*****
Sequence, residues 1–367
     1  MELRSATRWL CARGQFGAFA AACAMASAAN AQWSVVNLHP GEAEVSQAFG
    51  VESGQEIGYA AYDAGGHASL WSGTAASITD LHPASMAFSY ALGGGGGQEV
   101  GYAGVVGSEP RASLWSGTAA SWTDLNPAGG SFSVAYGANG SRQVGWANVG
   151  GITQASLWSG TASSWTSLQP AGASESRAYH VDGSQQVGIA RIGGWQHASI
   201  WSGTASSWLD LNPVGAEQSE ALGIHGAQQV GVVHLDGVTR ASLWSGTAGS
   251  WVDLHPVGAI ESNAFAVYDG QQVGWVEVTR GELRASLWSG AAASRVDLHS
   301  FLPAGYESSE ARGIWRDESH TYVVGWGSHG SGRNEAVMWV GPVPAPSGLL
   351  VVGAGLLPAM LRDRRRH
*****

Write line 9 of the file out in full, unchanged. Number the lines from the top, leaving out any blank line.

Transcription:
   351  VVGAGLLPAM LRDRRRH